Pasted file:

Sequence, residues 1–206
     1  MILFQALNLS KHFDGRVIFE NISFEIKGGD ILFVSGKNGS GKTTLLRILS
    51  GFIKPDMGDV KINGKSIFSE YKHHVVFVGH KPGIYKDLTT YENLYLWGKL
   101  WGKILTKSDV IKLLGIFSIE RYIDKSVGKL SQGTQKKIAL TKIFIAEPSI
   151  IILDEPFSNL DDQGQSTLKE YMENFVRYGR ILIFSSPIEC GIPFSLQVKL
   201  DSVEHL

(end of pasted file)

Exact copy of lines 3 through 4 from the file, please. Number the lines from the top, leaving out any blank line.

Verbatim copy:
    51  GFIKPDMGDV KINGKSIFSE YKHHVVFVGH KPGIYKDLTT YENLYLWGKL
   101  WGKILTKSDV IKLLGIFSIE RYIDKSVGKL SQGTQKKIAL TKIFIAEPSI